Monday, July 25, 2011

#8 The Way that You're a Lookin', You Got Me Cookin' and I ain't Talkin' 'bout Etoufee'

Ryan's Liner Notes:  Sorry to be all-pouty here but this post while very fun to write created a lot of disappointment for me.  On an impulse I had written a post a few weeks earlier about making pizza and gave some directions on how to make a Margharita pizza.  That gave me a thought to write an occasional food post and keep it to very simple quick things anyone could do at home.  Kind of like taking Giada and repackaging her into a Target box.  Well, I guess I'm not as hot as her either.

I did a second post about Superbowl food that got 1 comment but I still hadn't put a whole lot of effort in so I wrote that off.

But once I got the idea of food posts I was really angling toward Mardi Gras.  Creole cuisine is probably my favorite and I have spent some time living and working near that part of the country so I was sure I could come up with something interesting.  I worked really hard on putting together information about creole/cajun cuisine, the subtle but distinct differences between some of the most popular dishes, some facts about Mardi Gras including King Cakes, and put together a really good Shrimp 'n Grits recipe.

However, I got ZERO comments and from a hits standpoint it was a bit of a dud as well.  I guess everyone was parting and didn't have time to read :(

I don't think anyone even read down to the funny Cajun' joke at the bottom!  Jesus Ryan do you want some cheese to go with that WHINE?!

Oh well, maybe the second time will be the charm, so here goes.

The Way that You're a Lookin', You Got Me Cookin' and I ain't Talkin' 'bout Etoufee'

Ayeee!  It Mardi Gras tomorrow!  Laissez les bons temps rouler!

A great little cajun’ ditty by George Strait above – “to be with my sweet Adalida, I’d swim the Pontchartrain!”

So speaking about Etoufee, with it being Mardi Gras tomorrow and since I can’t show you my tits  for beads out here in the blogosphere, I’ll just share some cajun’ culinary wisdom with you.  Actually, could I set up an HNT then you could pay me in beads through PayPal?  OK, so the Beaumont blood runs deep southern; in fact I picked this name because it sounded so Southern!  Oh you thought that was actually my real name, oops – forget I said that.  Anyway, I have cooked many a Cajun/creole meal so I have a lot to offer! In fact over the years I believe I have developed a specialty for Southern poor folk food.  Funny how poor folk food finds its way into haute cuisine J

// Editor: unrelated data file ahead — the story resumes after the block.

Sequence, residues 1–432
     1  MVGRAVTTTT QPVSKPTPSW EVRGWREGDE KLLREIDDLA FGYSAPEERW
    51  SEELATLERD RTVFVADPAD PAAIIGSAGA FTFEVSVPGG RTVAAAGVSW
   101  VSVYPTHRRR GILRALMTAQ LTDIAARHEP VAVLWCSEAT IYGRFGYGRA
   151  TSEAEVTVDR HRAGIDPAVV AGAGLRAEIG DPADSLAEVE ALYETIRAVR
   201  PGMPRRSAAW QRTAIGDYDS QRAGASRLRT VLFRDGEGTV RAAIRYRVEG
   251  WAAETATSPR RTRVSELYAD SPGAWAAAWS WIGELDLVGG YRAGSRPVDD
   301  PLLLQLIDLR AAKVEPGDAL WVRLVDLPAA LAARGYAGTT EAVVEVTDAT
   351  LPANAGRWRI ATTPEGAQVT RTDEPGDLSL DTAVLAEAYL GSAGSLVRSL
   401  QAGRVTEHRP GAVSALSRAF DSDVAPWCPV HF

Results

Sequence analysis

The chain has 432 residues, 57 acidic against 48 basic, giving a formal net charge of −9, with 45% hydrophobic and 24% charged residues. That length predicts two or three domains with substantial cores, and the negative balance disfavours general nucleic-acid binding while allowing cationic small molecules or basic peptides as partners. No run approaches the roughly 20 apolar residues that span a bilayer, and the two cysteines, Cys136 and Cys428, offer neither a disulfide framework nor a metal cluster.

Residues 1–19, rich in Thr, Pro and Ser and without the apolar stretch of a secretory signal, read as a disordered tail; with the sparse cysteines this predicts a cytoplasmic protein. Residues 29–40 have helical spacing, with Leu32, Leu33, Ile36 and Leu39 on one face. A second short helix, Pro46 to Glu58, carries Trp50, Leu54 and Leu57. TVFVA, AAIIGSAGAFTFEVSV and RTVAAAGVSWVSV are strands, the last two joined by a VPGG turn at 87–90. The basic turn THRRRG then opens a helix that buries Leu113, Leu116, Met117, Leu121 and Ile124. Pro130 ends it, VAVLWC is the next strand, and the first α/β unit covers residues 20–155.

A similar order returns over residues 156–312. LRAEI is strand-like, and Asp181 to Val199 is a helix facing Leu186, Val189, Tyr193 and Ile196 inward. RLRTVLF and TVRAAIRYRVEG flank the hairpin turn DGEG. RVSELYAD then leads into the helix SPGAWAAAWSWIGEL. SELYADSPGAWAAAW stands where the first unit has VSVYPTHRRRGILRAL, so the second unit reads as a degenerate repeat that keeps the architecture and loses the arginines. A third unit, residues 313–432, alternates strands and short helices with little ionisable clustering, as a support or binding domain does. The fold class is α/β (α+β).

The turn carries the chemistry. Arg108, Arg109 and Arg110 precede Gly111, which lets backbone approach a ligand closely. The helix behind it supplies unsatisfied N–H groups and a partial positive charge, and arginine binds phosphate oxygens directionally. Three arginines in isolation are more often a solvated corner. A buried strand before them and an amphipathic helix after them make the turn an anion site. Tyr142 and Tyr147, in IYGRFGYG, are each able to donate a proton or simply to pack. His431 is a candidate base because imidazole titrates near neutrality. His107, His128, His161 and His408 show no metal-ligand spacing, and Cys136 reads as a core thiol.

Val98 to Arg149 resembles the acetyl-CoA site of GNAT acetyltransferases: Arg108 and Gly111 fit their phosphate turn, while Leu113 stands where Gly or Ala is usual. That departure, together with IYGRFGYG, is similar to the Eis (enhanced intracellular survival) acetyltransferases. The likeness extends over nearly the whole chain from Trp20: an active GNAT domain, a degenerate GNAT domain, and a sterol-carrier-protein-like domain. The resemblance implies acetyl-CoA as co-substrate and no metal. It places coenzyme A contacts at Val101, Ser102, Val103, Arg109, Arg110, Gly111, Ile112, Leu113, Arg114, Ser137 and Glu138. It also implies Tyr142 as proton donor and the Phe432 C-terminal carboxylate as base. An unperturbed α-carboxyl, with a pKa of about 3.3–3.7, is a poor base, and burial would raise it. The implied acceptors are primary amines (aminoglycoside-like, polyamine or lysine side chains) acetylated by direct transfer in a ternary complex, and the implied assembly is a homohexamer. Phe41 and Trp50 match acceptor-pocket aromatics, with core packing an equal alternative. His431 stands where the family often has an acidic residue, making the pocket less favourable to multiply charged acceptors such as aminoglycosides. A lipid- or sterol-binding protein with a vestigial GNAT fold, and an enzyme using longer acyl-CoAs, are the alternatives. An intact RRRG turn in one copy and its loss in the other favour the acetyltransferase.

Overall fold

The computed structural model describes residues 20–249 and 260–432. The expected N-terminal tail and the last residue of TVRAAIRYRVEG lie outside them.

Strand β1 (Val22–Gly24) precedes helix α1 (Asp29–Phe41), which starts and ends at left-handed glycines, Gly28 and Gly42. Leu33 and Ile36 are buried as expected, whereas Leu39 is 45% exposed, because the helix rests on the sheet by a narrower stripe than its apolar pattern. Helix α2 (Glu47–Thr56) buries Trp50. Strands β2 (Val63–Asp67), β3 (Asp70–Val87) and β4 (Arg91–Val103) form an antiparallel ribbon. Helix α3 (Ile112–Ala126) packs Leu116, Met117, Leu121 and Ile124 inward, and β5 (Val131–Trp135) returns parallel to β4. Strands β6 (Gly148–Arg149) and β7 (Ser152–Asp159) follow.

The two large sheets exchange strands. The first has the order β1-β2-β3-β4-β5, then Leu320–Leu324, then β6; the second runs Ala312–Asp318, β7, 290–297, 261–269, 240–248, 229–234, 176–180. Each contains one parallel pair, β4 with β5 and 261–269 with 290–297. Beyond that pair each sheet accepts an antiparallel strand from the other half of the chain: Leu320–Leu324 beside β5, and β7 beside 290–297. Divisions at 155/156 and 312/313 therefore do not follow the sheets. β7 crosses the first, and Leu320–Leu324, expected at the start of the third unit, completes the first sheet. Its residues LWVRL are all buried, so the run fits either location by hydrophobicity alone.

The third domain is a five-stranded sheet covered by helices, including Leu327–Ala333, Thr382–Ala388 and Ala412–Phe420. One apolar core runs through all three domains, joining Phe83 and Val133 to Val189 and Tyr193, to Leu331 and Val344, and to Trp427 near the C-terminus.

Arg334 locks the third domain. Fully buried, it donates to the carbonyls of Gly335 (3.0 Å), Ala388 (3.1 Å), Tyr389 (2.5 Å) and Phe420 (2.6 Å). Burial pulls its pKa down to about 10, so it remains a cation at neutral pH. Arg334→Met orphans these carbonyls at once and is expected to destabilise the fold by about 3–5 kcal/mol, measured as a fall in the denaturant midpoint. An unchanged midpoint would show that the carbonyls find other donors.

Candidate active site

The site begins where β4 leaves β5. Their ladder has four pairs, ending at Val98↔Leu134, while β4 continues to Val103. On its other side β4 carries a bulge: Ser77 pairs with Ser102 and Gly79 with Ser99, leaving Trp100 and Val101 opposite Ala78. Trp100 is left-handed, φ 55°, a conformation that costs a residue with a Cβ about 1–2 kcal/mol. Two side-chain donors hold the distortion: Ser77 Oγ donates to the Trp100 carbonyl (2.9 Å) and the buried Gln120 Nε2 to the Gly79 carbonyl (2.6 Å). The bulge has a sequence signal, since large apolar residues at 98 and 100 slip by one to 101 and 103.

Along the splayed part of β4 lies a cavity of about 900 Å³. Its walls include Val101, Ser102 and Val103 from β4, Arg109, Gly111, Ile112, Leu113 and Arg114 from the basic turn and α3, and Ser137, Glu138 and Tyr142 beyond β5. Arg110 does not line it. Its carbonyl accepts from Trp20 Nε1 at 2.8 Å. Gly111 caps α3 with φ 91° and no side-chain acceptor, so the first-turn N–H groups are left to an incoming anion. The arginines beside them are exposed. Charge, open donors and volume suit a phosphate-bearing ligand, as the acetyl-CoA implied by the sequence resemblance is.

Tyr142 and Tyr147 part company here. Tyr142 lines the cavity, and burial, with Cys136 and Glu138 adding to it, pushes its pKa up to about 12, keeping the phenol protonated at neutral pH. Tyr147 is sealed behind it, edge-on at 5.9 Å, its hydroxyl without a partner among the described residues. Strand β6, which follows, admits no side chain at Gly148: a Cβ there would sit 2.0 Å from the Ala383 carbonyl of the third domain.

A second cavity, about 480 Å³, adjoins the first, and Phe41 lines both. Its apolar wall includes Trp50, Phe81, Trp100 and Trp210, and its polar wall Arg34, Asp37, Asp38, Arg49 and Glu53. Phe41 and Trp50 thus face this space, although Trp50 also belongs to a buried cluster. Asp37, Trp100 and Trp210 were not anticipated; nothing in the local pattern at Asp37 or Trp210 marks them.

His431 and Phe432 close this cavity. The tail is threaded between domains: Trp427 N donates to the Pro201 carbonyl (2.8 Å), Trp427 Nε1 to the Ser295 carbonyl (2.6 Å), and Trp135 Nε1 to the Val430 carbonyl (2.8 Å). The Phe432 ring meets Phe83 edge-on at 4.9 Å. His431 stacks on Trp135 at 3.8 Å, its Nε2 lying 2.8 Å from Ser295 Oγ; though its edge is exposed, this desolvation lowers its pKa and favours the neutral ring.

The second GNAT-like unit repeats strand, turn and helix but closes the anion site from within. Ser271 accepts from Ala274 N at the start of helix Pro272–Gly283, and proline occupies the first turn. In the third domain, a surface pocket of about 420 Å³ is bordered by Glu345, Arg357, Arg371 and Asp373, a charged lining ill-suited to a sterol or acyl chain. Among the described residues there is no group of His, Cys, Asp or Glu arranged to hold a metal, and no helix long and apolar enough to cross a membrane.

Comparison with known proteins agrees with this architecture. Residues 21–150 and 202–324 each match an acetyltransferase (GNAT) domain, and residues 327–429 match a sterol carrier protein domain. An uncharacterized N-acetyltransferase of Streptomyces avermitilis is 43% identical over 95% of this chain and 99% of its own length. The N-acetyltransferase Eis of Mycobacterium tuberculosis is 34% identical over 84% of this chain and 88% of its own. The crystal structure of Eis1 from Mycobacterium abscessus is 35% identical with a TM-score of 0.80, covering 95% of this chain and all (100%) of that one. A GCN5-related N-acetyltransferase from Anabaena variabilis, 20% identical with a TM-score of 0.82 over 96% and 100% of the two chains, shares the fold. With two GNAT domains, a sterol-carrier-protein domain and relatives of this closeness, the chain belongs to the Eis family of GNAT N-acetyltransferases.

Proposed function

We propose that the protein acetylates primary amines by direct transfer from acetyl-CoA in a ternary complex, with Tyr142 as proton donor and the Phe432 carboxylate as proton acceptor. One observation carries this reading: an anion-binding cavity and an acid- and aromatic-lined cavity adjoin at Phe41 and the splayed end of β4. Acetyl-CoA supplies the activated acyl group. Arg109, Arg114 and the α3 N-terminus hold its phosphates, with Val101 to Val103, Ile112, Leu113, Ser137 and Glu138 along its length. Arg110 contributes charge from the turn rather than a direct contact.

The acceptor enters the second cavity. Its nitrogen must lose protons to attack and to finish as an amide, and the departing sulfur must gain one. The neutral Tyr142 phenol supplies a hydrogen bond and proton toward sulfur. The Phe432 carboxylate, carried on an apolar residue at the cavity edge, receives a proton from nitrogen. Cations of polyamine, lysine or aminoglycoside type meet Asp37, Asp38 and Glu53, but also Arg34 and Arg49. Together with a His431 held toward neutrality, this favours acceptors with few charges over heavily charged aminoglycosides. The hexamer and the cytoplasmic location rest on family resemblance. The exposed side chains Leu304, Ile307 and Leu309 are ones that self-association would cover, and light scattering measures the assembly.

*         Lesson 1:  almost all cajun’ and creole cuisine is based off of a stock flavored by either a Mire Poix (diced onions, carrots, celery) from French cuisine or a derivative and what folks on the Bayou call “The Holy Trinity” which is chopped onions, bell peppers, and celery in a 1:2:3 ratio.  The stock would additionally be flavored with any meat or seafood available and then added to rice, vegetables, etc. to create a gumbo or other dish such as red beans and rice.

*         Lesson 2:  Every good Mardi Gras party needs a King Cake.  A King Cake is decorated with the Mardi Gras colors of the festival of Epiphany (gold, purple, and green).  These colors represent the colors of gold, frankincense, and myrrh which were the gifts the 3 Wise Men gave Jesus (@ Epiphany). Of course Mardi Gras (Fat Tuesday) is the celebration before the beginning of lent which begins on Ash Wednesday.  This is one final blow-out for Catholics to drink, party, screw, etc just before giving everything up over lent J  A token should be placed in every King Cake symbolizing the Baby Jesus.  Whoever gets the Baby Jesus in their slice is supposed to host the next Mardi Gras party according to lore!  FYI, if anyone wants to see me making a King Cake send me an e-mail and I will give you my AM pass-key, I have it in my private photos (sorry, that was shameful) J

            To make a King Cake take several tubes of Cinnamon roll dough and roll it out as thinly.  Then braid the tubes together (see picture).  Let the dough proof and then bake.  Spread a normal white icing over the top of the cake and sprinkle gold, purple, and green glitter over alternating sections of the cake/braid.

*         Lesson 3:  Blackening spice is a key ingredient in many cajun’ recipies.  It contains several spices but the predominant taste is from the mixture of peppers.  The peppers include white, black, and red (cayenne) pepper – more red if you like it hot!  Additionally add paprika, salt, onion powder, garlic powder, thyme, and oregano.  The spice blend will have a rust color but will turn black on the entrée you add it to once cooked.  Generally you would want to apply the mixture to a thin piece of fish or well pounded chicken so that you can cook at a higher temperature (less time) with the high heat giving the spice blend a crusty texture without overcooking the meat.